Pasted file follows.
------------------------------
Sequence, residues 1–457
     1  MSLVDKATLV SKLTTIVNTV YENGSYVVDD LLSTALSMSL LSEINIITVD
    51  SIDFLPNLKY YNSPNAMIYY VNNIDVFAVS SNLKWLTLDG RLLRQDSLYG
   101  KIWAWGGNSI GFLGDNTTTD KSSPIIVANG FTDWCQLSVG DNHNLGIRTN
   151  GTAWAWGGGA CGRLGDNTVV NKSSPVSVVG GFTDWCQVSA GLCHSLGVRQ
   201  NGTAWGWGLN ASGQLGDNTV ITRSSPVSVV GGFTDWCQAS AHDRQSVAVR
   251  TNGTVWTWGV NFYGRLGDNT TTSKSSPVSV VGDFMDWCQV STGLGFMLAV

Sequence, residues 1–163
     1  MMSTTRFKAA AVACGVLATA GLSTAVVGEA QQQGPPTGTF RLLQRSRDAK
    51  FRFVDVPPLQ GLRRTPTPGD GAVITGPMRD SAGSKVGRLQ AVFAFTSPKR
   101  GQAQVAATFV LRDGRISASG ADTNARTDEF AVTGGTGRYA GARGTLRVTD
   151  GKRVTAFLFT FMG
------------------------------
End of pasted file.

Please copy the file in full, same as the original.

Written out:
Sequence, residues 1–457
     1  MSLVDKATLV SKLTTIVNTV YENGSYVVDD LLSTALSMSL LSEINIITVD
    51  SIDFLPNLKY YNSPNAMIYY VNNIDVFAVS SNLKWLTLDG RLLRQDSLYG
   101  KIWAWGGNSI GFLGDNTTTD KSSPIIVANG FTDWCQLSVG DNHNLGIRTN
   151  GTAWAWGGGA CGRLGDNTVV NKSSPVSVVG GFTDWCQVSA GLCHSLGVRQ
   201  NGTAWGWGLN ASGQLGDNTV ITRSSPVSVV GGFTDWCQAS AHDRQSVAVR
   251  TNGTVWTWGV NFYGRLGDNT TTSKSSPVSV VGDFMDWCQV STGLGFMLAV

Sequence, residues 1–163
     1  MMSTTRFKAA AVACGVLATA GLSTAVVGEA QQQGPPTGTF RLLQRSRDAK
    51  FRFVDVPPLQ GLRRTPTPGD GAVITGPMRD SAGSKVGRLQ AVFAFTSPKR
   101  GQAQVAATFV LRDGRISASG ADTNARTDEF AVTGGTGRYA GARGTLRVTD
   151  GKRVTAFLFT FMG